Living off the grid requires a unique set of skills that enable individuals to become self-sufficient and sustainable in their daily lives. These skills encompass a wide range of practical knowledge and hands-on abilities necessary for managing various aspects of off-grid living. From building and maintaining infrastructure such as solar panels, water systems, and alternative energy sources to cultivating and preserving food through gardening, canning, and food storage, a diverse skill set is essential. Other vital skills include basic construction and carpentry, plumbing and electrical knowledge, resource management, off-grid cooking methods, first aid and emergency preparedness, and problem-solving abilities. Additionally, adaptability, resilience, and a strong work ethic are crucial traits for overcoming challenges that may arise in an off-grid lifestyle.
1. Finding Water
The most important skill for living off the grid is all about water, everybody knows how important water is, but few have the skills to find water. If you have planned to live off the grid for some time already and you have already purchased a plot of land then odds are that you already know from where you can get water. As a general rule, flowing water takes the path of the least resistance, and it is flowing in the lowest points of the valley.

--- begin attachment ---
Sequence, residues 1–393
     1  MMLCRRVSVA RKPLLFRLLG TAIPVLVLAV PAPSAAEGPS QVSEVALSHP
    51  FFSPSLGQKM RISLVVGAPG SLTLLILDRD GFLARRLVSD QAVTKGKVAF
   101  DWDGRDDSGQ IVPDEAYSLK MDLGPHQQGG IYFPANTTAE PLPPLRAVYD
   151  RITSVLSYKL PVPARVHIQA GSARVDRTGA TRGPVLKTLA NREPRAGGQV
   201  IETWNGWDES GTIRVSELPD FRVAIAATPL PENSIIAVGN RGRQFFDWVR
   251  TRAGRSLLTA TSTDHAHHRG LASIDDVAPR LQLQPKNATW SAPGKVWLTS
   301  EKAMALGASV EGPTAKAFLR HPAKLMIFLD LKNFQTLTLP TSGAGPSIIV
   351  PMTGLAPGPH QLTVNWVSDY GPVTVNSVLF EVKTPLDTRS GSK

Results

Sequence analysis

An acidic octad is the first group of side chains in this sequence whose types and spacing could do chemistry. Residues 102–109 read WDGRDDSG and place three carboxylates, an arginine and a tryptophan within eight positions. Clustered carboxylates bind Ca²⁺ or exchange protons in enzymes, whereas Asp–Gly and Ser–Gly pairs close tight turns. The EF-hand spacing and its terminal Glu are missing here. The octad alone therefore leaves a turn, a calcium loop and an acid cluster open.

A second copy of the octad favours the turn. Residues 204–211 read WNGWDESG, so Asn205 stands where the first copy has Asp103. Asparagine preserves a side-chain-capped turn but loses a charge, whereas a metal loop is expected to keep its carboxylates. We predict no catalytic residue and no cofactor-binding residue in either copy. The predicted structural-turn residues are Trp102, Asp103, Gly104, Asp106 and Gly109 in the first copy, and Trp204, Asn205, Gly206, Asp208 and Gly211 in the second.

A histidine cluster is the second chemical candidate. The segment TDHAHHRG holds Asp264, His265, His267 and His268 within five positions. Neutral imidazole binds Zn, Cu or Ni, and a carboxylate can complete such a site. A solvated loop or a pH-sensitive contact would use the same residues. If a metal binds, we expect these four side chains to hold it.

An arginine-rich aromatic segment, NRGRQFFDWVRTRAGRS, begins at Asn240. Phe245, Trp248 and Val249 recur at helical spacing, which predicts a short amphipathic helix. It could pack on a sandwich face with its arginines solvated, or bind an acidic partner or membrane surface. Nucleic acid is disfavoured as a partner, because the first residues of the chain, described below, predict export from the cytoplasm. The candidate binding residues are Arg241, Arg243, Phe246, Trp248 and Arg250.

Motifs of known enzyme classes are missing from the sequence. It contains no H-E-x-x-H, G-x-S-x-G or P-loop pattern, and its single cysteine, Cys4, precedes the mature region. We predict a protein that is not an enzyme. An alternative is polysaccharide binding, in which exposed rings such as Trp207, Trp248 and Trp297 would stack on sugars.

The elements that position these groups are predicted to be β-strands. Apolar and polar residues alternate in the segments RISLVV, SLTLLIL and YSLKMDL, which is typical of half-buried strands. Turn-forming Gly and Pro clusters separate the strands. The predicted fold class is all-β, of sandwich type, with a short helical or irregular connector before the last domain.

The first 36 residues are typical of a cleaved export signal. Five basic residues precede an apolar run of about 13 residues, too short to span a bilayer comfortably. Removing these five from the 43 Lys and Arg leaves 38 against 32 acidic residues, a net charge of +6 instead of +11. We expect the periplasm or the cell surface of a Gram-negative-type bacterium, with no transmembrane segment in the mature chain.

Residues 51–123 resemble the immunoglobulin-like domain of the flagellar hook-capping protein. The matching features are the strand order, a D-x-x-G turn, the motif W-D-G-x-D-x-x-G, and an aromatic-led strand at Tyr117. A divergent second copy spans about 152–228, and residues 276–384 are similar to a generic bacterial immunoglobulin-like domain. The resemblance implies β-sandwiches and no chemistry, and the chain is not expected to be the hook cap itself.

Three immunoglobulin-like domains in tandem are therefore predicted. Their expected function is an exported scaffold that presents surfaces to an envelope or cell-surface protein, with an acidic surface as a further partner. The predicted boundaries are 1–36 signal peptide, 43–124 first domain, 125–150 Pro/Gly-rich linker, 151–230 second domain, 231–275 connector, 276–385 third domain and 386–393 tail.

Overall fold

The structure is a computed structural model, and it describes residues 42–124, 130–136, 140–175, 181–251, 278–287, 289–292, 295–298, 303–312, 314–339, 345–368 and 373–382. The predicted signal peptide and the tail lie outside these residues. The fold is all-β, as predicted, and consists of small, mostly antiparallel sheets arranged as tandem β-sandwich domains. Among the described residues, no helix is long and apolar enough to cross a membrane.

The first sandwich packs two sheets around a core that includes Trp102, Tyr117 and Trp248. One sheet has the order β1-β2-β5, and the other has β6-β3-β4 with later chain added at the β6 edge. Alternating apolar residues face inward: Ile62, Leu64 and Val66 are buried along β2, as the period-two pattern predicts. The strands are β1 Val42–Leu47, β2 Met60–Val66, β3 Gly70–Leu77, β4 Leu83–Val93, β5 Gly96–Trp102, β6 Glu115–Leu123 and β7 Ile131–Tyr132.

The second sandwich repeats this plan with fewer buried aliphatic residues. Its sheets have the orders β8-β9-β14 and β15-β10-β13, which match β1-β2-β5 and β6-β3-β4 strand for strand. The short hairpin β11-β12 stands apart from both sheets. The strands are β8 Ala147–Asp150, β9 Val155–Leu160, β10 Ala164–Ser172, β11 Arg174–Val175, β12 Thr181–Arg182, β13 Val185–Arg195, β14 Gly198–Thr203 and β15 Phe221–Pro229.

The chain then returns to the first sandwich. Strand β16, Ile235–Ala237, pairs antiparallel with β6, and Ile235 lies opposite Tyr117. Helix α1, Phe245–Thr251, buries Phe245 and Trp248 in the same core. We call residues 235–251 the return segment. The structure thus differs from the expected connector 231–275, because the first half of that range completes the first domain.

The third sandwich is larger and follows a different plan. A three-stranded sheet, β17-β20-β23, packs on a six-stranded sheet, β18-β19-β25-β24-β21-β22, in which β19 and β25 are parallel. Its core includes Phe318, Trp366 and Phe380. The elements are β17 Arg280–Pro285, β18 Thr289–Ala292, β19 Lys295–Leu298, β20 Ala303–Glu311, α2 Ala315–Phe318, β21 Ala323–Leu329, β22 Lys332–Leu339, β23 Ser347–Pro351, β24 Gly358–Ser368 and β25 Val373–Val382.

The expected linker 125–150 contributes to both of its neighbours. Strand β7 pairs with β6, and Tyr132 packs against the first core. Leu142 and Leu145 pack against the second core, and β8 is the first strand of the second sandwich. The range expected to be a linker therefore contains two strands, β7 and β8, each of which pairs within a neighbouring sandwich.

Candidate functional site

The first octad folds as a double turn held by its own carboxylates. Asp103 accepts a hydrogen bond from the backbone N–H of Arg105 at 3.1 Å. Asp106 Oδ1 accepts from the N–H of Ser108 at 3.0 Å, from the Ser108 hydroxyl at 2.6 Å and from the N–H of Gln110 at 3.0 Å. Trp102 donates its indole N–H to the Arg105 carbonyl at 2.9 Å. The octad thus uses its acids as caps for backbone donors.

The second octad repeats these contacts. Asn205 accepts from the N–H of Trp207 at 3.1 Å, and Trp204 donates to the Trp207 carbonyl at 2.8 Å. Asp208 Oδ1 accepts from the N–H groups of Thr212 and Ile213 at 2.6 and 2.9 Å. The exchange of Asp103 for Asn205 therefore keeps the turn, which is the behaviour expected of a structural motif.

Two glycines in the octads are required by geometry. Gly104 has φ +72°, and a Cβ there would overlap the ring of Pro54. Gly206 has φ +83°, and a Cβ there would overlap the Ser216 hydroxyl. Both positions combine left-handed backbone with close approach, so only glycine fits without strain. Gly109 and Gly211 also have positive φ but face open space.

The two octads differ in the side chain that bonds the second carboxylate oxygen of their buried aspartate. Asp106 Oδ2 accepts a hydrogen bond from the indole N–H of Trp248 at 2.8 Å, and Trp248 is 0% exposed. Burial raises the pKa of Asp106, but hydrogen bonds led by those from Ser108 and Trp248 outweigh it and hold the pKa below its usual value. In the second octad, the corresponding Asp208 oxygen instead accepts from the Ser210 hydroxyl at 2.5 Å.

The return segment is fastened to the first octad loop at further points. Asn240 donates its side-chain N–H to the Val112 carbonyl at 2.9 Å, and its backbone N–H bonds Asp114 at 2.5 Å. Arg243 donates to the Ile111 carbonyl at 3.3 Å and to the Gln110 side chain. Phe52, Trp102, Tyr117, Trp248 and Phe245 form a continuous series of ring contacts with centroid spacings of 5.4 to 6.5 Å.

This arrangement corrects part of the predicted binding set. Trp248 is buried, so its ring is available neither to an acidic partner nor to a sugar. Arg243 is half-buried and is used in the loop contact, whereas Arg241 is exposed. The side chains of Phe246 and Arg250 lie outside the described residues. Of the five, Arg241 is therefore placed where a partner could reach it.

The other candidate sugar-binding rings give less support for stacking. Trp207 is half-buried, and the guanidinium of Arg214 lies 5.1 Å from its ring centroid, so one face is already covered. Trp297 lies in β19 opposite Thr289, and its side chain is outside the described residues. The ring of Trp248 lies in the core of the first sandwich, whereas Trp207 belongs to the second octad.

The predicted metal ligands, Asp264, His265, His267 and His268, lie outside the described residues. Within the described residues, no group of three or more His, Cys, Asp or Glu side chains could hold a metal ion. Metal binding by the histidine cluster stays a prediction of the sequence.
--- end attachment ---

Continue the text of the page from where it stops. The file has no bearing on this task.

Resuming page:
You have 3 choices for finding water
- Groundwater: You can access the groundwater by digging a well, not all areas have groundwater close enough to the surface and some do not even have any groundwater, in this case, there is no point in digging a well. Digging a well is dangerous work, so always hire a professional who knows what he is doing.
- Surface water: The surface water is the one found flowing on the surface, as a general rule flowing water is recommended as this is a lot cleaner than stagnant water. Stagnant water tends to be filled with parasites, protozoa, bacteria, and viruses, although you will have to filter and purify the water before using it.
- Harvesting rainwater: This is by far one of the easiest ways to get water, as long as the local climate is humid enough. Just channel all the rainwater into water barrels or a cistern and there you go, just keep in mind that you will still have to filter and purify it.
2. Filtering Water